Cartridge on the right shows rectangular breech-face marks on the primer. Breech-face on my Glock 26


Markings On Fired Cartridges

Marks that you find on fired cartridges generally come from three different sources and are generally caused as a result of the cartridge being fired in a gun. These markings are helpful in identifying the gun with which the cartridge was fired from.


Types of Cartridge Markings

  1.  Firing Pin Impressions - This is a common mark or impression that you will find on the primer. It is created when the firing pin strikes the primer.

  2.  Breech Face Impressions - Breech marks are a common mark or impression that you will find on the case. It is created when the spent cartridge is forced against the breech face during firing.

  3.  Ejector Marks - These marks are sometimes created when cartridges or cartridge cases are ejected from the action of a firearm.


More Pictures

9MM Lugerl and 22LR Cases 9MM Lugerl and 22LR Cases 9MM Lugerl and 22LR Cases 9MM Lugerl and 22LR Cases Brass Cases 9MM Lugerl and 22LR Cases 9MM Luger and 38 Special Cases 9MM Luger and 38 Special Cases

Feedback & Comments


Sent: December 12, 2012
Subject: Marking On The Back Of Casing

What does nr mean on the back of the casing Also how do you tell if a casing can or cannot be reloaded? Tom

Reply - Tom, Sorry for the delay in responding. I don't think I have ever seen an "nr" on the back of a casing (I only reload 9mm), so I don't know what it means. With regard to 9mm Luger, If the case has no visible defects (cuts, scars, bulging, abnormal discoloration, etc..) I reload it. I reload only range pickups and It's rare that I find one that I reject. Best regards, Tanner


Sent: March 28, 2011
Subject: Trimming 9mm Cases

Please help me understand: All hand loading sources say it's imperative to trim 9mm cases to uniform lengths before loading them. In all of my testing, and use of the 9mm I have discovered that 9mm cases get shorter(not longer) each time they are fired and reloaded. Please explain this phenomenon. I have purchased new brass that ranged from .748 to .743 so, to uniform them I have to trim all to .743 then, by the time they`re shot and reloaded a dozen times they are .738 which is shorter than allowed for reliable functioning and safety. So, why would I want to trim cases that are as short as you want them anyway, knowing that they are going get even shorter each time I use them. Sure, uniform lengths are nice for uniform expanding and crimping but this can be compensated for by using certain expanding dies (Redding or Lyman M) and certain crimp die/s (Hornady, maybe others).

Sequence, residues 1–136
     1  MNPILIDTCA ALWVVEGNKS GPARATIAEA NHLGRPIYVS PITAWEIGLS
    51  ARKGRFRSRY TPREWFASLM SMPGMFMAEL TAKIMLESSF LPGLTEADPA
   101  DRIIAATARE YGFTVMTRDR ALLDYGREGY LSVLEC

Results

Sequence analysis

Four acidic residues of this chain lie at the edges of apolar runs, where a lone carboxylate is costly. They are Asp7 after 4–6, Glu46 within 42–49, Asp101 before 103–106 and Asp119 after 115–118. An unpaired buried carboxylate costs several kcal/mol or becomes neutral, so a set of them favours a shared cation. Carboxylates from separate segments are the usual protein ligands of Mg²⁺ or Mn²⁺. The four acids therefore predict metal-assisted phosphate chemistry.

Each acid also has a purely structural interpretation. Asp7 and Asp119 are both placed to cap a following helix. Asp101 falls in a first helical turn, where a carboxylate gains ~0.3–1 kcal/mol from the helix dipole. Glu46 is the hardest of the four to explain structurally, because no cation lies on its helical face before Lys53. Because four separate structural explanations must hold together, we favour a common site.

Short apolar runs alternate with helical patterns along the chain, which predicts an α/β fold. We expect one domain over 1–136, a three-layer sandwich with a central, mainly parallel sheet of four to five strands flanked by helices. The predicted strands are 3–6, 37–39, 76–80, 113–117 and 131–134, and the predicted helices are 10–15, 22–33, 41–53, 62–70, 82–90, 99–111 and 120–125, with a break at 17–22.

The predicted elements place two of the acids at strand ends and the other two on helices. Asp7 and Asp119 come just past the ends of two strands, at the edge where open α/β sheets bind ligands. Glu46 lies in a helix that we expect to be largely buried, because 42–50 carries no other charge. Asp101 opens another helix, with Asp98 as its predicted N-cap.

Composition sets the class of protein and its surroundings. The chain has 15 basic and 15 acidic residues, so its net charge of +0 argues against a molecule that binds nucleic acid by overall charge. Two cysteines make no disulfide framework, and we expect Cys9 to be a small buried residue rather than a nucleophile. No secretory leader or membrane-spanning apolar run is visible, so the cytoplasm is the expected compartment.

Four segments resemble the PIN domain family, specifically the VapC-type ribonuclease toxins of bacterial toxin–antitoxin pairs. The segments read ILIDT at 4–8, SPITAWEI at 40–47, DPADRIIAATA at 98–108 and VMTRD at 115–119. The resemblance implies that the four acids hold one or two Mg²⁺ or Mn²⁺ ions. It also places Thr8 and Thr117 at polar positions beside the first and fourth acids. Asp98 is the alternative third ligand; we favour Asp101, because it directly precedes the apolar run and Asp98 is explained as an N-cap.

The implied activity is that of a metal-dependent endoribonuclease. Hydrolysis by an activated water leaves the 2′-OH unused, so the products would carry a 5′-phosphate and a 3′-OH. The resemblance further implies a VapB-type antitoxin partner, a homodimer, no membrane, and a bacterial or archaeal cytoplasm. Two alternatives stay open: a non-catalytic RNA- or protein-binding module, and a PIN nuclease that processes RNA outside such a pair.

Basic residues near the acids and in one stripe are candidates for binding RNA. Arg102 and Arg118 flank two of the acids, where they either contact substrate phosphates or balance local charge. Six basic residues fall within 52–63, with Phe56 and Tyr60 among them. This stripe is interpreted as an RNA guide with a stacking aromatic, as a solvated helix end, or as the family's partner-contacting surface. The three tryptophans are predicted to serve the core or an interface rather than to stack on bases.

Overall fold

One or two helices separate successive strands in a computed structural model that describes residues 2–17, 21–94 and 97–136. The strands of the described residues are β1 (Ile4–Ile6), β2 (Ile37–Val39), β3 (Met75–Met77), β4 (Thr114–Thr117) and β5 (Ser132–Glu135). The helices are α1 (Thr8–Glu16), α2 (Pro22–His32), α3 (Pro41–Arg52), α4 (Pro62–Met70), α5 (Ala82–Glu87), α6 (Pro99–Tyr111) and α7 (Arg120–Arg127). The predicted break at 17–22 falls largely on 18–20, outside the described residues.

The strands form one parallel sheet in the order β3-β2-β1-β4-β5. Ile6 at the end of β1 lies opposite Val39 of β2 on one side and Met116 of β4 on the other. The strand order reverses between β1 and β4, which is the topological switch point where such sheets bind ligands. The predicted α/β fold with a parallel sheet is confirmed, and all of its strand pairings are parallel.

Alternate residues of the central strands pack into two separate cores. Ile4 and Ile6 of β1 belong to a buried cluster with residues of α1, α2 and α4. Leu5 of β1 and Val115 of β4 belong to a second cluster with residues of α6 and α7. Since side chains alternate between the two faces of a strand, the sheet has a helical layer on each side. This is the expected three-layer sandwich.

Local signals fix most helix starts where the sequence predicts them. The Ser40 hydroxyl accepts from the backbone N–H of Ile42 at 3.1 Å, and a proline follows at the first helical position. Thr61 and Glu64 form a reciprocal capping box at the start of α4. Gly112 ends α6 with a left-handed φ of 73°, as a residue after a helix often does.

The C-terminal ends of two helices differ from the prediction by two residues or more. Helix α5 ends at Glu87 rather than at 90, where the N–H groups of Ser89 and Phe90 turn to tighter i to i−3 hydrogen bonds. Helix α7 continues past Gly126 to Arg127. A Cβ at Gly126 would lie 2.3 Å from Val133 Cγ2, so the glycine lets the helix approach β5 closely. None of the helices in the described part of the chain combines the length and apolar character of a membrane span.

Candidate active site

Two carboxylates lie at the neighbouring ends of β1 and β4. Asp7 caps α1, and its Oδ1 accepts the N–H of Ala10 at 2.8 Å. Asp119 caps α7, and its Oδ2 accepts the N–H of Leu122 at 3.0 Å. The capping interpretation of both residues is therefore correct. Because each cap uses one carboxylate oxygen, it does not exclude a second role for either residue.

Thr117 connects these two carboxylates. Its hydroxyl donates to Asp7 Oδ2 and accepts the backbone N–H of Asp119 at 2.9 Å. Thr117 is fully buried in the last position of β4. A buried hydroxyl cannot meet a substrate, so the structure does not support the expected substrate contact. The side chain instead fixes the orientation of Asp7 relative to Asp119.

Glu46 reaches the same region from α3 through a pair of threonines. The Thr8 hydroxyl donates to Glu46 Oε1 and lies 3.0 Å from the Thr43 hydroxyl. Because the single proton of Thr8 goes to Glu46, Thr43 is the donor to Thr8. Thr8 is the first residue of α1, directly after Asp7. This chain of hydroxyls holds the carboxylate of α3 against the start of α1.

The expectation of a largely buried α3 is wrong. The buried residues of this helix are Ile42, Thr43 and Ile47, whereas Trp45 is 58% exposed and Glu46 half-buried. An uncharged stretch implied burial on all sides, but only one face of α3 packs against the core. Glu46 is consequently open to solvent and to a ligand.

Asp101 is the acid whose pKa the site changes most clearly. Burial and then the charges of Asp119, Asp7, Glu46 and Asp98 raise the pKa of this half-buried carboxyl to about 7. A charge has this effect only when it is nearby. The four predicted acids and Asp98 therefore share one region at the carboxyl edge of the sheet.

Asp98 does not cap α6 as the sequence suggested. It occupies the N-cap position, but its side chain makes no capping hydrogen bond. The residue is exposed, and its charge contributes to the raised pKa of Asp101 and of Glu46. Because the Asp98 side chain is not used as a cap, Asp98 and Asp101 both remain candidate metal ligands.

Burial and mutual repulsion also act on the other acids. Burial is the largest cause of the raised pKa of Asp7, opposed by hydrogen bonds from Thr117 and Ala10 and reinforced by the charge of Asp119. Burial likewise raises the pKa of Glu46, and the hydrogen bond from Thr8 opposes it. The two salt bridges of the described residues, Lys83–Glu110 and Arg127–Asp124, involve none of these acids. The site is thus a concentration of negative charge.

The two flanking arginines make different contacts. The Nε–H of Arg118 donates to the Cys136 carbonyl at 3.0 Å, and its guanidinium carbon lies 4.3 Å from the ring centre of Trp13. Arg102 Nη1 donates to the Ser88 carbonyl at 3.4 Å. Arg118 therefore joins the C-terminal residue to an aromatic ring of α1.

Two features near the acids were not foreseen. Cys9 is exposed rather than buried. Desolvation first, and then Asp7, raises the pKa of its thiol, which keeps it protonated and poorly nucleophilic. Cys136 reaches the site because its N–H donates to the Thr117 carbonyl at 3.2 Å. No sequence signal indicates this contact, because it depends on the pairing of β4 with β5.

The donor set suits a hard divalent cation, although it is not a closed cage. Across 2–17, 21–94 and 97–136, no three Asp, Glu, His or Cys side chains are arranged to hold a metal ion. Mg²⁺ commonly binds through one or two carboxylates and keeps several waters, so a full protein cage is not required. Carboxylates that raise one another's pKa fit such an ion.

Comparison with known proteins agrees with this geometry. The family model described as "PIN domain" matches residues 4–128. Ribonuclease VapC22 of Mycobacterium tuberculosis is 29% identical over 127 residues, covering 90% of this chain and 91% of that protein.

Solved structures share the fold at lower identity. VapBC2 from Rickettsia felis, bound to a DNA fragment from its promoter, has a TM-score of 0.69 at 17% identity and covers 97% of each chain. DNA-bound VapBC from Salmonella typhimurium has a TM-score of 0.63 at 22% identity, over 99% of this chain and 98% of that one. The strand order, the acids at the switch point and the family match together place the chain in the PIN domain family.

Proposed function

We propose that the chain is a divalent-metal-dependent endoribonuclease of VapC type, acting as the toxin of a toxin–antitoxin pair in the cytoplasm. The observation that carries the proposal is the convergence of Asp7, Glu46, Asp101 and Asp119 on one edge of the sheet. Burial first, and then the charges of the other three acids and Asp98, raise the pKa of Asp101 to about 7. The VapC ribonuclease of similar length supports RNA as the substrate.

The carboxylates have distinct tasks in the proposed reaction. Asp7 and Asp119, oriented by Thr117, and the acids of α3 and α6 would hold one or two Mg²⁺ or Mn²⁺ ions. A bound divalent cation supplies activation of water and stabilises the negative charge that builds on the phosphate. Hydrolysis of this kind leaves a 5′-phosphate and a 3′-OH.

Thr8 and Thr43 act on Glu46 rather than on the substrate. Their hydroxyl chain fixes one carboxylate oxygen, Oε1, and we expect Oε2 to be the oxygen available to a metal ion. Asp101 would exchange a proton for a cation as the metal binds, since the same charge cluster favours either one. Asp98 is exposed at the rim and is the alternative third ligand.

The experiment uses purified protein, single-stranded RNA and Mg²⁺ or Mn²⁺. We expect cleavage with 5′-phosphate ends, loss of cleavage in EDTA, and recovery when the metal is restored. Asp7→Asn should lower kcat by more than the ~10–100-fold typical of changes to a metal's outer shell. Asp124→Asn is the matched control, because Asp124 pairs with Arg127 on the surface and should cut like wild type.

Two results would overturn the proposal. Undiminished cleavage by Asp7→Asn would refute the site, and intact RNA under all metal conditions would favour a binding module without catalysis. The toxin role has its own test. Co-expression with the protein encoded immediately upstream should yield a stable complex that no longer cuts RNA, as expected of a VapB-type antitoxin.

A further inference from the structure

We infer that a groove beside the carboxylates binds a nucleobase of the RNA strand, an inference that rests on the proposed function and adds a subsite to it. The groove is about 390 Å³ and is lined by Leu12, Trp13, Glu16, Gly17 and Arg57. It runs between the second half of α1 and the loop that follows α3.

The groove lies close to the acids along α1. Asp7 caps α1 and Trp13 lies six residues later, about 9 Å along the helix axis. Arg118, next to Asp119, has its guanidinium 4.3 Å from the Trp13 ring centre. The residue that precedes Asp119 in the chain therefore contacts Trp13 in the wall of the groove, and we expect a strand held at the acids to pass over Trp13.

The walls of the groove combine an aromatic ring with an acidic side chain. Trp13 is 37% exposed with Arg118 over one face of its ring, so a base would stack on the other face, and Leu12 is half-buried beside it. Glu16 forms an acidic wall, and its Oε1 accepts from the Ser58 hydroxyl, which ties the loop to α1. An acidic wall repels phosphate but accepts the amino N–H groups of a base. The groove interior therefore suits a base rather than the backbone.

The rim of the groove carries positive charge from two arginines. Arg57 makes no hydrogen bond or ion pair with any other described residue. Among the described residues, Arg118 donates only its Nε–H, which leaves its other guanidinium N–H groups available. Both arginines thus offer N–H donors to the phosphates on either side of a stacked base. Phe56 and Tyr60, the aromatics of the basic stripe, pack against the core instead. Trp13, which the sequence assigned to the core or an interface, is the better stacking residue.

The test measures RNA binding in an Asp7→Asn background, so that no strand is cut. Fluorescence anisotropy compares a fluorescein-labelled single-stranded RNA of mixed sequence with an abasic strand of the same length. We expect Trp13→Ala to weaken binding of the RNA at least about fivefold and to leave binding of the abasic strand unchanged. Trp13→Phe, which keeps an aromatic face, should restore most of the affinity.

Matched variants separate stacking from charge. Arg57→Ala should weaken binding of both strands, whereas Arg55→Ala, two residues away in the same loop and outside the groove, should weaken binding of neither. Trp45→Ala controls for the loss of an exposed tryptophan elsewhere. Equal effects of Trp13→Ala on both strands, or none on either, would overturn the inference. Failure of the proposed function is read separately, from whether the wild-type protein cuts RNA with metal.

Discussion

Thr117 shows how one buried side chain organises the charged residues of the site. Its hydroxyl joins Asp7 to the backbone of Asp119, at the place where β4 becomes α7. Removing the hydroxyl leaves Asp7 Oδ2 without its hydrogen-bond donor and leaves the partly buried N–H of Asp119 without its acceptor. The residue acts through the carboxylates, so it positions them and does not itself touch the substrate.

Response - Larry,

When I first started reloading 9mm cases I did my research and it showed that you don't need to trim 9mm luger cases for reloading. Which hand loading sources are you referring to?

I have reloaded over 8,000 rounds of 9mm WITHOUT EVER trimming one case. I have only used range pickups for my reloads. They are cases from an assortment of different manufacturers. I have never had a problem with my reloads (except one squib) not related to the case I used.

I thought that only cases that are tapered like that of rifle cases required trimming. 9mm luger cases are straight wall cases and have no taper. I could be wrong, but it is my understanding that the taper of a case gives the pressure inside the case something to push longitudinally against which causes the elongation. Since straight wall cases have no taper there is no elongation. Don't take my word for it. That's just my understanding.

As far as 9mm cases getting shorter with each firing. I think I can provide an explanation.

It is my understanding that when a round is fired the pressure within the case pushes against the sides of the case (as well as the bottom of the bullet) causing the sides to expand and the diameter of the case to increase. If the diameter expands the length has to decrease (the metal has to come from somewhere).

I just measured the length of three 9mm luger range pickup cases. I then resized each case in my press and in each case the length increased.

case #1: .7410" before, .7495" after
case #2: .7455" before, .7515" after
case #3: .7445" before, .7505" after

I also measured the diameter of two 9mm luger range pickup cases. I then resized each case in my press and in each case the diameter decreased.

case #1: .3900" before, .3730"after
case #2: .3840" before, .3735" after

This supports my understanding.

I assume you are measuring the .738 cases before you resize them in your press? See what they come to after you resize them. Let me know if that solves your length problem.